Even when the second round of peace talks between representatives of Taliban and officials of Afghan government is almost certain and may take place by the end of July the situation on the battlefront remains fluid. Clashes between government troops and Taliban fighters remain a regular affair, periodically punctuated by the US drone strikes. And the battle lines keep moving back and forth. The Taliban scored their latest victory against the government in north-east Afghanistan over the weekend as they captured a large police base at Tirgaran in Badakhshan province. The 100 plus strong police force surrendered and handed over its weapons to the invaders. They did put up a brave fight but not for long enough as the awaited enforcements from Kabul did not reach. The Taliban took them into custody, but later on as the local elders intervened they were allowed to go home. On the face of it, it looks like a huge setback to the Ghani-Abdullah unity government in Kabul, but in reality it is not, as it is only a tactical victory of the Taliban and may not last long. The provincial police chief has promised to take back the base, and he may succeed - just as the government forces took back the two cities in Kunduz province that had fallen to the Taliban a week before last month. Given the remote location of the Tirgaran police base and inclement weather, the government could not fly in reinforcement in time. "We will launch an operation soon and take back control of the base," says provincial governor Shah Waliullah Adib. But quite a few of the vanquished policemen may not turn up for duty - they are said to have joined the Taliban. With the people in a war for forty years, loyalty remains enigmatic, especially at this juncture when the Taliban have been internationally declared as 'insurgents' and no more terrorists and their government has accepted them as stakeholders.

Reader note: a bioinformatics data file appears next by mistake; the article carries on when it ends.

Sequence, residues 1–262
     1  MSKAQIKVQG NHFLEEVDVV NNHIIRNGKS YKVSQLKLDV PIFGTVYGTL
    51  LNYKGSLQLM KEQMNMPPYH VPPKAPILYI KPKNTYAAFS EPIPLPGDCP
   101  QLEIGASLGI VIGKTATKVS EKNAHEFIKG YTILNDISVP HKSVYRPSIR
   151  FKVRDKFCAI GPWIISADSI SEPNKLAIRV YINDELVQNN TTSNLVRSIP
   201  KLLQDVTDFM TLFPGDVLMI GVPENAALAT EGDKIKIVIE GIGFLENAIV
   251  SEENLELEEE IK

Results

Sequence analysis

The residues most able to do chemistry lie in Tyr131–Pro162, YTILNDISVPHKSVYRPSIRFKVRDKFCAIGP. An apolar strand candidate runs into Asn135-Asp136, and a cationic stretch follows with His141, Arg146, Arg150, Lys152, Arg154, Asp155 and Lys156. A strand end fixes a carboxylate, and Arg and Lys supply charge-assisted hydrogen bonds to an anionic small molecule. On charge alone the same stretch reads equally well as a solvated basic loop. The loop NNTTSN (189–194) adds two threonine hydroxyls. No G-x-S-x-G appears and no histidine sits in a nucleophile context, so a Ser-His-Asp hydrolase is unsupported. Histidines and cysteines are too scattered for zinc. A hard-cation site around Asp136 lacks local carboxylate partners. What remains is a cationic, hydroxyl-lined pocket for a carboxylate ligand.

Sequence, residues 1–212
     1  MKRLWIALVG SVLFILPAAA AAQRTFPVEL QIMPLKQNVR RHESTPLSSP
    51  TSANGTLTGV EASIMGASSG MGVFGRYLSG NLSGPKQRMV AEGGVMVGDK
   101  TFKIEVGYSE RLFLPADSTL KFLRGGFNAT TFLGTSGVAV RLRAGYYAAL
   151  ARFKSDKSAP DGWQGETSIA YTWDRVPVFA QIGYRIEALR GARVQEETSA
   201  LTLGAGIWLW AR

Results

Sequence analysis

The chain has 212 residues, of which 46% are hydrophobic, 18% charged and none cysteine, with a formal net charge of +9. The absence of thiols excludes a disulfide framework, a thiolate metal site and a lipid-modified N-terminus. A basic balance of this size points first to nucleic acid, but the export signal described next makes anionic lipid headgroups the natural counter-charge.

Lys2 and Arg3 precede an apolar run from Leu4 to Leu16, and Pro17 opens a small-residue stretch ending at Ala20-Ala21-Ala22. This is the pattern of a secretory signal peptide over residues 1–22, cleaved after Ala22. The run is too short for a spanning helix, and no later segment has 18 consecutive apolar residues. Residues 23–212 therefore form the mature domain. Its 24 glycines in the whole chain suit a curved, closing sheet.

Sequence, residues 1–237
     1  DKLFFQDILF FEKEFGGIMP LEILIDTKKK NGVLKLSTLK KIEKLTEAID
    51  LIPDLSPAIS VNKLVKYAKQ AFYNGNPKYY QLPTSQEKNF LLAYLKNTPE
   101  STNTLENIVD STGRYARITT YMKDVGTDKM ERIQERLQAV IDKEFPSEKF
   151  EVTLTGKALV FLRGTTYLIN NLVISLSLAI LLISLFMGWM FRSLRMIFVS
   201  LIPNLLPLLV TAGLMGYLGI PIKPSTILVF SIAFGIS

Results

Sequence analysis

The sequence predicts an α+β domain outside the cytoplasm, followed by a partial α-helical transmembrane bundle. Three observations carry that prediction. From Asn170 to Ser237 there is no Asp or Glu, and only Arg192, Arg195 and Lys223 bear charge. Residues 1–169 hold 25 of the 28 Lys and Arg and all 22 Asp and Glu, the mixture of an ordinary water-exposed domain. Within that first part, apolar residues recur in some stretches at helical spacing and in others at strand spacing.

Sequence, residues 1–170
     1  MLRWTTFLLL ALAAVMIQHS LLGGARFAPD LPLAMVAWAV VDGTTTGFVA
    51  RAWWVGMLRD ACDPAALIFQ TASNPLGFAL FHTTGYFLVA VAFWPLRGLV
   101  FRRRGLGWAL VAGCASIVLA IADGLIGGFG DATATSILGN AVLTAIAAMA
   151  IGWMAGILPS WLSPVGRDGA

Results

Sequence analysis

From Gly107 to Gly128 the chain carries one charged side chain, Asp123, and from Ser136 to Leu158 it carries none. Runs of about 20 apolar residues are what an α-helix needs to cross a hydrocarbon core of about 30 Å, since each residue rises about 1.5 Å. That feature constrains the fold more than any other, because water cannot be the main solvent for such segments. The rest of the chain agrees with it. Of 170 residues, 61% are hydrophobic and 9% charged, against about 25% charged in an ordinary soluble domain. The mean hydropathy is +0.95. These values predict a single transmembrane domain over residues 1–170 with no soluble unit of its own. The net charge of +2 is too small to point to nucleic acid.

The state of affairs in the energy sector is getting messier and the country is digging itself into a deeper hole as the PML-N government has miserably failed to turn the corner by addressing the root causes. Private sector was expected to lead the way; however, a policy was needed to be framed to create an enabling environment. But, by the middle of this government's term in office, investors, domestic as well as foreign, are shy to invest in this country's future.